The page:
Wednesday, April 20, 2011

Capsule - 2011 No Ghost

Band : Capsule
Album : No Ghost
Release Year : 2011
Genre : Screamo / Chaotic / Hardcore

Tracklist :
 1. Neuralize So Numb
2. Small Caps
3. Outline
4. Ton Work
5. Future World Citizen
6. Graft
7. Rylan
8. Isn´t Us
9. Kayso
10. Gown Of Frost
11. Miscology
12. _

Capsule formed out of the Punk and post hardcore scene in Miami back in 2005 and are about to release their second full length ‘No Ghost’ to the ears of anyone brave enough to take the sheer onslaught. This certainly isn’t for the faint hearted and is filled with such aggression and anger. And I’m not talking "spitting the dummy out the pram"; this is far, far down the road of "I’m going to rip your fucking head off!"

Yet saying that, as this band have developed, so has their musical spectrum, tracks like ‘Isn’t Us’ slow the tempo and offer up a more progressive approach, spanning over a good five minutes that rattle off the chains of two minute limitless flurries pure aggression. Something that opener ‘Neauralize So Numb’ offers in abundance, it’s ridiculously fast paced with riffs clambering over each other alongside percussion from Eric Hernandez (Ex-Kylesa) that’s hard to track, as it battles with itself through tempos and rhythms that deliver an erratic backdrop to the raspy shouts.

The shifting elements of riffs and beats can be an unsettling experience, elements of thrash and sludge work their way in throughout the release. The fast paced thrash approach comes into its own in ‘Small Caps’, ‘Outline’ and ‘Rylan’. There’s rarely a moment to really catch your breath and regain some form of composure, however tracks like ‘Miscology’ offer up some slower tempos and a chance for the band to swell and sprawl out, leading the track towards the four minute mark and taking the sound into more progressive territory, and more importantly, successfully.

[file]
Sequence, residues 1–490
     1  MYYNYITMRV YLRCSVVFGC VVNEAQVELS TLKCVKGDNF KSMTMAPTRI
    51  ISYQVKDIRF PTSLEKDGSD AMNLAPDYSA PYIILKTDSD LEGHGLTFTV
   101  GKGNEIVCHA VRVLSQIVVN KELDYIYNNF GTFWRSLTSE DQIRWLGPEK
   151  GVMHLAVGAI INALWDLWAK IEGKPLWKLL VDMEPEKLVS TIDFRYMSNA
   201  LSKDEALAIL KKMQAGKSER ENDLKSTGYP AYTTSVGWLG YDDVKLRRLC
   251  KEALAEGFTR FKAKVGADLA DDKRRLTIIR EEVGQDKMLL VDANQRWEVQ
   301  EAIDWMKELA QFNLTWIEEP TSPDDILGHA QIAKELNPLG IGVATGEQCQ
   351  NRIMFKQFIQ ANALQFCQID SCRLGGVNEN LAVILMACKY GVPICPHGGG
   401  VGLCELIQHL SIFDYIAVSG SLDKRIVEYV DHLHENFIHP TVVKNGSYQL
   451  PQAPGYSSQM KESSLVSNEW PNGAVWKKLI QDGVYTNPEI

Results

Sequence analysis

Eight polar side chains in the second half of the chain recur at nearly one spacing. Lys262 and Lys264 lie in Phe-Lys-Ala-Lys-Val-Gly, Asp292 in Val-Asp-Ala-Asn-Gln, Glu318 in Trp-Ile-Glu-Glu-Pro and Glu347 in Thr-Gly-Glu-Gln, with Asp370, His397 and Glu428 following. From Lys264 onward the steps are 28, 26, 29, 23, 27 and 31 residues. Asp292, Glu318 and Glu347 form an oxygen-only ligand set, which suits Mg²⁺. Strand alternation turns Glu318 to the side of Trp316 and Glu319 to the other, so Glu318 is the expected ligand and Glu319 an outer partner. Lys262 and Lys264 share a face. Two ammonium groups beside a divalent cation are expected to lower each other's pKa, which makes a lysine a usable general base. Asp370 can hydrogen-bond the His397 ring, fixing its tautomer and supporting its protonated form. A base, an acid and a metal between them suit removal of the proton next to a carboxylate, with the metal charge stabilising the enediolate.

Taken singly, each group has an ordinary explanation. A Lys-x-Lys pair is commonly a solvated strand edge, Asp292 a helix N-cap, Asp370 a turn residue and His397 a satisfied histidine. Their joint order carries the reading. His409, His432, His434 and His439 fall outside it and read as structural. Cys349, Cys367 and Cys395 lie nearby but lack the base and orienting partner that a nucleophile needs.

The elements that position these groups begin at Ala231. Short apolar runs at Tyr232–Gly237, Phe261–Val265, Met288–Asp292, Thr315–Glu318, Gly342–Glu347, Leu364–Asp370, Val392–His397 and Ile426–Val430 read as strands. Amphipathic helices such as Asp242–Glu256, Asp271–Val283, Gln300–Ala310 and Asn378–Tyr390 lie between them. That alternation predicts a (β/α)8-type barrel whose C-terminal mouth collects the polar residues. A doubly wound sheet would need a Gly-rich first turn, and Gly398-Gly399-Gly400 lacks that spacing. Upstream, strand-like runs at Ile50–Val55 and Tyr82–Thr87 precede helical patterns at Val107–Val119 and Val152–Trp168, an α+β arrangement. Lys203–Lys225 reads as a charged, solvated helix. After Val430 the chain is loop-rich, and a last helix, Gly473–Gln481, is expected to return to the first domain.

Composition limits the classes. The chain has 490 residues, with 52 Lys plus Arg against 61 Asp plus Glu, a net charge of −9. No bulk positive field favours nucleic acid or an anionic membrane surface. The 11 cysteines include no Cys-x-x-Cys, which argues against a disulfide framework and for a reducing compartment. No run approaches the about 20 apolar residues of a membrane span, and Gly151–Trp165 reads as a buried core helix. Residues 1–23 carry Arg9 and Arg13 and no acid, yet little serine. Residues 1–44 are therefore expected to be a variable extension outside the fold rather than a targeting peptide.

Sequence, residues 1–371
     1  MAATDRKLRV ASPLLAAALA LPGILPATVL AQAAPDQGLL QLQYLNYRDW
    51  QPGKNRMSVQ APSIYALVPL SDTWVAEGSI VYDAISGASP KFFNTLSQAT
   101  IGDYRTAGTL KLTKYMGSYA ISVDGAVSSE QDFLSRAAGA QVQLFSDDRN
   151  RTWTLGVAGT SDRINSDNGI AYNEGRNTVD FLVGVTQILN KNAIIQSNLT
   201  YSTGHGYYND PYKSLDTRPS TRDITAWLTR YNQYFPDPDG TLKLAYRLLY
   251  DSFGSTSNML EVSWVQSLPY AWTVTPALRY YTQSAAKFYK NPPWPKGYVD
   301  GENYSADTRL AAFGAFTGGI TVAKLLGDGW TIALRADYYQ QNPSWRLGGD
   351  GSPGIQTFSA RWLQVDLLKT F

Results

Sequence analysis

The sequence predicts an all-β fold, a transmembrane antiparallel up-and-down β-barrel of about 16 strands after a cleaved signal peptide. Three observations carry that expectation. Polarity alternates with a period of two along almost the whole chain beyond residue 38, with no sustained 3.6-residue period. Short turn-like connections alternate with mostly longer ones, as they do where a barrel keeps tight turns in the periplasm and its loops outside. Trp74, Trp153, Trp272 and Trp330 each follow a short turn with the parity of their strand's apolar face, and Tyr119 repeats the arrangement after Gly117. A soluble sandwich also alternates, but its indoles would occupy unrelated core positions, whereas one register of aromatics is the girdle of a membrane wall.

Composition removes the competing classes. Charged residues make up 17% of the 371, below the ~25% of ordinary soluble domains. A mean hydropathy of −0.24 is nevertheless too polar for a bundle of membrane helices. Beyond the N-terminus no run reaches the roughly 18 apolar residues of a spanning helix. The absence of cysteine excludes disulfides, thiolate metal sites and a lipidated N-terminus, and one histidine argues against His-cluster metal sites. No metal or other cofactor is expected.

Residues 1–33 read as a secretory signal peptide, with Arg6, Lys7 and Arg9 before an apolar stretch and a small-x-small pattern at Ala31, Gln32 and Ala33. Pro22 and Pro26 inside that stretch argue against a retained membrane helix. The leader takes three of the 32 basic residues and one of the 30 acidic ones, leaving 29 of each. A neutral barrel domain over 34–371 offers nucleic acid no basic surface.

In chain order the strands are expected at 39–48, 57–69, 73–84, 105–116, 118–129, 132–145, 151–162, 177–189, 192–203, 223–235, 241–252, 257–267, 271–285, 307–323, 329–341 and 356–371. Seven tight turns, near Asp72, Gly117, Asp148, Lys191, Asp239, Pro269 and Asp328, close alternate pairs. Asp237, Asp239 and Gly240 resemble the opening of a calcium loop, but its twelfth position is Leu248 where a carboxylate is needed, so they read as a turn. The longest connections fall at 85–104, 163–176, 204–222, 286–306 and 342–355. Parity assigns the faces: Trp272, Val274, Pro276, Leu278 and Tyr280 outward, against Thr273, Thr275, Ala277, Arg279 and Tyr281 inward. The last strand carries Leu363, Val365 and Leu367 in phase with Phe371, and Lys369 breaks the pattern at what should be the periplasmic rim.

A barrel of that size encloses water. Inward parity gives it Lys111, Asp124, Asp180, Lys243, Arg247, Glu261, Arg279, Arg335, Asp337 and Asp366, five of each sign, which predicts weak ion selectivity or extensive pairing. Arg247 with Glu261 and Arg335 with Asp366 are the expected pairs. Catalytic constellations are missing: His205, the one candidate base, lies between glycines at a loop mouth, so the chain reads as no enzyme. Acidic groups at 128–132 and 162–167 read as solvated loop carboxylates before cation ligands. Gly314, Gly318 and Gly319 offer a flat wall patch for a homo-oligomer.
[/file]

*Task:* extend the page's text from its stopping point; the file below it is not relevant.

This is extreme hardcore music, and at points is in danger of moulding into one heap of fast paced sludge. However what this band does successfully is entwine just enough hooks and melodies to keep you on your toes and get into each new offering, giving over something to engage with, rather than battle against constantly. As stated before this is far from easy listening, but who wants that when you’ve got 10 tons of power violence blasted into your ears at mac-10 speed.
“Dead Horses Are Turned Into Glue” contains an outstanding guitar riff as Schmitz screams “My senses are wearing out.” For a while there, I thought I was getting too old too quick. At last year’s Warped Tour, I felt like the dud reporter that just didn’t understand “the new thing.” Now I know it wasn’t may age. In fact, it’s not my tastes at all. Now it’s the time for the next group of gifted architects to surprise us with a new generation of talent. Even through a few listens, The Language That We Speak can run itself together at some points. Past that little bit of tarnish on the trophy shines a powerful record with a bold contemporary statement for those kids not respecting the greats of the past and harboring generic ideas.

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